This one was attempting to focus on Web2.0 in the Enterprise. Frankly, “The Enterprise” is a subject which fills me with fear, dread and trepidation, but the movement of Web2.0 into that space is probably inevitable as sales teams around the world spot another opportunity and sell it out to cash-rich bods wanting to “be innovative” in the name of their behemoth of a company. It’ll be interesting to watch.

The talk was popular, which I’m pleased about. Online Information is a funny old conference – the halls are stacked with basically the same company replicated about 200 times: reasonably bad CMS systems with reasonably bad sales people trying to sell to a reasonably badly informed market of people. I sound over-rude, but I have to be honest – I last went in about 2003 and absolutely nothing has changed. Which can’t be good in the tech field, right?

My slides were supposed to be about one thing (why the social web is important in “The Enterprise”, and why “The Enterprise” should take it seriously) – in the end, I actually focused on why “web2” is important to people rather than as a “thing” in abstract. I see the connecting of people with other people as reason for believing in the social web as a sound platform upon which to build any content. I believe this engagement is key to bringing (heritage) content to the foreground; furthermore, I think that even though web2.0 has been hyped to death, we should continue to believe in what “the social web” means. Mainly, we should believe this because the social web is about people and connections and as such has enormous importance to us as social, connected animals. 

One of the problems with talking about “Web2.0” is that the phrase carries an implicit weight with it: as soon as there is a count attached, you’re naturally looking for the current one to expire – for “Web2” to be replaced by “Web3” and shortly after that, “Web4”. Useful though “Web2.0” is as a phrase, I’m with the commentators now who suggest we talk about “the web”, or – my preference – “the social web”. Not because it is any less important, but because it is more so.

Incidentally, earlier today I was researching some stuff for a keynote I’m due to give in The Hague later in February (more details soon…) and used Google Trends to check on the phrase “web2.0”. It’s interesting to note that it reached its peak during q4 2007, and has since dropped off in popularity:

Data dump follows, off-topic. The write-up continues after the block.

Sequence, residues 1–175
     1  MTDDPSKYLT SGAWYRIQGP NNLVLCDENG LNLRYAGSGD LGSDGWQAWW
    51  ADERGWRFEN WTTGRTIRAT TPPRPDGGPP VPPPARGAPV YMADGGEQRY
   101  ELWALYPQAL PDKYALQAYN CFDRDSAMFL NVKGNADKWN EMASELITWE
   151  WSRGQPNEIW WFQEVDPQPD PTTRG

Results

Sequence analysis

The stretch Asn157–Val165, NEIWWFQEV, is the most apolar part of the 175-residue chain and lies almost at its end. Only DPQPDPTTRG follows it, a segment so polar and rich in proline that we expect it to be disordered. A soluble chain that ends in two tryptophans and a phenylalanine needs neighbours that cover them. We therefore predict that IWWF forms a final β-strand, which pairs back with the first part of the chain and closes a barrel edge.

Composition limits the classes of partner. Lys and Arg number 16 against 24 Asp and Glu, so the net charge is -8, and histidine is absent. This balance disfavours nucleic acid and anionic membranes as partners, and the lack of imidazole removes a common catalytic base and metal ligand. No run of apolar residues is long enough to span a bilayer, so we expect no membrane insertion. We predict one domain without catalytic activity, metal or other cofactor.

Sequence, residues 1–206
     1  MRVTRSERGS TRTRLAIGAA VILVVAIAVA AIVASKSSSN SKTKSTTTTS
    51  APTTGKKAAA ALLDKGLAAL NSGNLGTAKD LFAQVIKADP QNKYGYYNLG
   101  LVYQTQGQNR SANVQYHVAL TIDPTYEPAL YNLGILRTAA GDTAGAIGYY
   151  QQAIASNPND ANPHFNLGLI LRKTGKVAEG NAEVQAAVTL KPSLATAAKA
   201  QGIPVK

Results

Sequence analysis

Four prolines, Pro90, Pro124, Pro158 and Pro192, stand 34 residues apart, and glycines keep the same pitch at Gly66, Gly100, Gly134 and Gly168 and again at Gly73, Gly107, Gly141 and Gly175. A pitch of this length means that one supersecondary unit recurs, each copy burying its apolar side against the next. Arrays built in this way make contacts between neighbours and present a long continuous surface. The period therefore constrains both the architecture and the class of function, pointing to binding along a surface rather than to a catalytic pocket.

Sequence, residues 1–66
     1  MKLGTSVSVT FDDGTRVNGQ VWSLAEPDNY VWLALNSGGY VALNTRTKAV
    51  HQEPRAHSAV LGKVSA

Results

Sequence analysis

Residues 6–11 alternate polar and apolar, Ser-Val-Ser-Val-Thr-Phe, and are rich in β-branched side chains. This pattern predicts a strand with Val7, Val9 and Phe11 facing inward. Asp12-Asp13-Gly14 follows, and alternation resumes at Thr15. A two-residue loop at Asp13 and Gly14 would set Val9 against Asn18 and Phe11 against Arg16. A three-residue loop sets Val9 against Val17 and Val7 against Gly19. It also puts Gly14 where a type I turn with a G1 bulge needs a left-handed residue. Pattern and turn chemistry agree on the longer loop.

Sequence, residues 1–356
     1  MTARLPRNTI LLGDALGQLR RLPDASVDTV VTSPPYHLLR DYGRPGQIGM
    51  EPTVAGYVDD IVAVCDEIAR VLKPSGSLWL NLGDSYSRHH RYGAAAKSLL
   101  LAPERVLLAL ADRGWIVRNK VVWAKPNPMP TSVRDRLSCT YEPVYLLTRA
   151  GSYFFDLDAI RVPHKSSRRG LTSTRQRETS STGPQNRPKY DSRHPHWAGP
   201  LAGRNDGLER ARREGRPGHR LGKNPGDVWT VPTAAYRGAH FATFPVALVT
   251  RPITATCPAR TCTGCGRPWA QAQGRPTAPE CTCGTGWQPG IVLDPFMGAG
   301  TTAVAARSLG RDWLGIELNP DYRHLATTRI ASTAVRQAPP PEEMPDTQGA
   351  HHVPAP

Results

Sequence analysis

Web2.0 on Google Trends

You’ll see immediately that this follows the Gartner Hype Curve prediction (or at least the beginning of it) – it’ll be interesting to watch in the coming months and years how the curve settles into a dampened “plateau of productivity”. (I’d also be interested if anyone can figure out why there is a gap between 2004 when O’Reilly first mentioned the phrase and mid-2005…)

For the graph junkies, here’s the same period for the phrase “social web”:


"Social Web" on Google Trends

So. That’s the hype. Maybe now we can get on with producing some astonishing, user-focused content..

Mashed Museum 2008

On June 18th 2008 (the day before UK Museums on the Web conference) a bunch of us met in a room at Leicester University to do some museum mashing. Our aim was:

…to give ourselves an environment free from political or monetary constraints. The focus of the day is not IPR, copyright, funding or museum politics. Our energies will be channeled into embracing the “new web”: envisaging, demonstrating and (hopefully) building some lightweight distributed applications.

I thought I’d borrow Matt’s N95 and do a quick “interview” (loose term) of everyone that wanted to say something about what they’d done. Finally last night I got round to chucking this into Window’s Movie Maker and doing some editing and have uploaded the result to It’s around 12 minutes long, so grab a cuppa and a comfy chair…


The following day I did a presentation at the conference itself. This is now on Slideshare (and embedded below)

[slideshare id=488768&doc=ukmw08mashedmuseum-1214573625065381-9&w=425]

I’d just like to say thanks loads to everyone who attended – I know giving up a day is always problematic (even if it involves beer at the end). I hope you had fun. I know I did. Also enormous thanks to Ross Parry and the MCG for giving us the opportunity to do this.

Several people who attended have written about / linked to the things we built:

(I’ll also be continuing to update with future museummashingmoments…)

The message? Well, Lee Iverson from the Univerity of British Columbia used a phrase during his presentation the following day to beautifully encapsulate what I’ve posted about so, so often – and the one thing that makes any mashups possible:

If you expose data, you lose control but give it life

And that pretty much sums it up. : bootstrapping the NAW

What seems like a looong time ago I came up with an idea for “bootstrapping” the Non API Web (NAW), particularly around extracting un-structured content from (museum) collections pages.